When you are trying to live with PTSD (either the soldier or the spouse), the kids, finances, household and each other it can be over whelming. One of the first steps of healing a family is recognizing the issues and prioritizing them into a step-by-step plan. This series will focus on how to gain control of all the chaos and overwhelming issues you face as a military or veteran family. Being a family with a military background, living in what I call organized chaos is a life-style. Let’s get some organized chaos going for your family and start living in peace, having joy and showing love.
Week 1: Clearing the physical chaos
- If you have kids, create a chore chart with age appropriate chores and consequences. Post each child’s chore chart on their door so they can see it daily. Explain what the chore is and the expectation along with the consequence of not doing it or arguing about it. The hard part about this is holding yourself firm to the consequences that you give them. Stand firm, don’t cave in but also be encouraging to them for achieving their daily list. Make the initial chore day a fun day with lots of high fives, positive words but get the organization going.
Here’s a check-list of what need to get accomplished:
- Out with the old! This is the time to clear out those clothes. Make three piles: Keep, Donate, Throw away. Once the clothes are done move onto toys: Keep, Donate, Throw away. Then onto papers: Keep, Throw away. How about the kitchen. Food, dishcloths, dishes??? Remember, you don’t have to get it all done in one day but do a section at a time, not the whole house at once. Want to make a little money? Use your donate pile and do a yard sell then donate what doesn’t sell. You can do the traditional Saturday morning or have an on-line yard sell by taking pictures with the asking price and posting it on yard sell sites or social media. If you do this one, include the cost of mailing items in the price.
- It’s Budget Time! That’s right, let’s get a real budget in place and stick to it. First step, decide who is the budget keeper. Now this person is not the only decision maker of your household money, but they do keep up with the budget and the set bills and income. Decisions should always be talked about between each other. When you do this make sure you remember the unexpected budget items. Dave Ramsey has a great way of laying family budgets out. Jay and I did this years ago and I cannot tell you how it made such a difference in our life. Mr. Ramsey believes in living within your means. No credit cards as a way of providing income. You learn to save up for things, put aside your emergency fund that you use first. Be sure to make your budget one that you can live with not one that is unrealistic for your family (I call that one the “wish budget”). I have used this concept in teaching military families and assisting individuals with their budgets and have great success.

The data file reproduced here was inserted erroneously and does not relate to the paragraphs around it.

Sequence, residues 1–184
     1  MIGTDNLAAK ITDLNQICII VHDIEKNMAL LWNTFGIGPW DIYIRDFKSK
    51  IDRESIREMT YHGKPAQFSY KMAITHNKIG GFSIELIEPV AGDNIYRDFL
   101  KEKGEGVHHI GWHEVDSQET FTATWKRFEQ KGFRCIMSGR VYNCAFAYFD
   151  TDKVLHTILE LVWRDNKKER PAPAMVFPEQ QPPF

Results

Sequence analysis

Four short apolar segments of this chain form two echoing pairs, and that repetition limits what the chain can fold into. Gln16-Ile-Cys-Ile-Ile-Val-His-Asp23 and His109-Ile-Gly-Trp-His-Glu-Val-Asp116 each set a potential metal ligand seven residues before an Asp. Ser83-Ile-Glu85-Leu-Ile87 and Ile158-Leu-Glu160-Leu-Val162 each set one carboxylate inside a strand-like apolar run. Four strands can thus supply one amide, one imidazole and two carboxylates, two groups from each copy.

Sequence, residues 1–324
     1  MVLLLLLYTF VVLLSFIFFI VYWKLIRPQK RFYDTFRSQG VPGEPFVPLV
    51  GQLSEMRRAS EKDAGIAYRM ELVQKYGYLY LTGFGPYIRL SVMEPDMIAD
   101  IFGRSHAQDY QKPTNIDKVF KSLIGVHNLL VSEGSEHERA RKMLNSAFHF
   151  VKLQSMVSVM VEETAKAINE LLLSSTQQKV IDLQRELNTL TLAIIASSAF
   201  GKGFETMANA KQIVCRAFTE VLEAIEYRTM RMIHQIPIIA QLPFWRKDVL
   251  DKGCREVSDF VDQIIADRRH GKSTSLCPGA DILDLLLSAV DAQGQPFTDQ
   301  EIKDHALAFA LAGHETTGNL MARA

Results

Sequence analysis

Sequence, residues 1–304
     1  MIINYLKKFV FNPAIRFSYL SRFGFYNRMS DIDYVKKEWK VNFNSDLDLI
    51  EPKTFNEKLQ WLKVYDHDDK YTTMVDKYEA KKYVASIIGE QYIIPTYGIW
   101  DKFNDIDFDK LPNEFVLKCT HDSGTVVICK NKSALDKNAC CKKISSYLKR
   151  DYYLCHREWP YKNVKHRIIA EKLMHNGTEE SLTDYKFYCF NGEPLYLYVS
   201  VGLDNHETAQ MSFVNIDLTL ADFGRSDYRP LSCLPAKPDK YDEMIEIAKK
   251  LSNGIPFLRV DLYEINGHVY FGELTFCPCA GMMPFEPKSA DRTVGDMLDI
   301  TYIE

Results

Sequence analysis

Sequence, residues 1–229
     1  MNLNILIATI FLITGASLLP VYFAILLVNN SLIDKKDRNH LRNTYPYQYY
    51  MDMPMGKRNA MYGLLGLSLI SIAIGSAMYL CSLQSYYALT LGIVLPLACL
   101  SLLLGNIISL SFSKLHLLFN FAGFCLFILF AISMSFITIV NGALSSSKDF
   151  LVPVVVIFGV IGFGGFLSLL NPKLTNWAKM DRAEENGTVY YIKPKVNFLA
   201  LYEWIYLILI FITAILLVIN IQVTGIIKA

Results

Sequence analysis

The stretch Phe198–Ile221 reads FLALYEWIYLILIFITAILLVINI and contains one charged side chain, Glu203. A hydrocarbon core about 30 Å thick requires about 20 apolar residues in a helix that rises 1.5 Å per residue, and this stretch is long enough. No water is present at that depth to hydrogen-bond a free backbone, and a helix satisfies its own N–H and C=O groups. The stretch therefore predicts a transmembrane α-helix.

- Get to steppin’! That’s right, another part of getting the organized chaos in order is getting you physically in order. Believe me when I say that this is just as important as the other physical parts of your life. If you, your spouse and children don’t already take time to get outside and move then now’s the time to start. If you’ve been a sedentary family then start slow and build up. Here are some ideas for you to try. Make a play date with you and your family. Go for a walk, throw the ball around. When was the last time you rode a bike? Each week set aside at least one day to be active, even if it’s just you at the beginning. I know with Jay he would always say, “I did my PT time in the Army” or “I already did 12 mile walks, they were called ruck marches”. I just went with out him, it was my time to do something for me. Slowly and I mean slowly he came around. Being active is not only good for your health, it is also good for your spirit. This leads the fourth physical part…
- What’s for dinner?! As a wife and mother of three plus anyone else that showed up for dinner, I absolutely hated trying to think of something what to cook everyday. It was exasperating and not fun – I dreaded it. Finally after being so frustrated one day, I sat down and planned out two weeks worth of meals – dinners. What a stress reliever. Not only did I not have to think about what to cook everyday, it saved on the grocery shopping and the extra money spent running to the store every other day. So, while you’re thinking about chore charts, make a meal chart too.
Are you ready to get on the road to recovery? I want you to know that you are not traveling this alone. If you want assistance Warrior Family is here to give a hand. It doesn’t matter where you live, we can provide you with the tools you need to heal your family.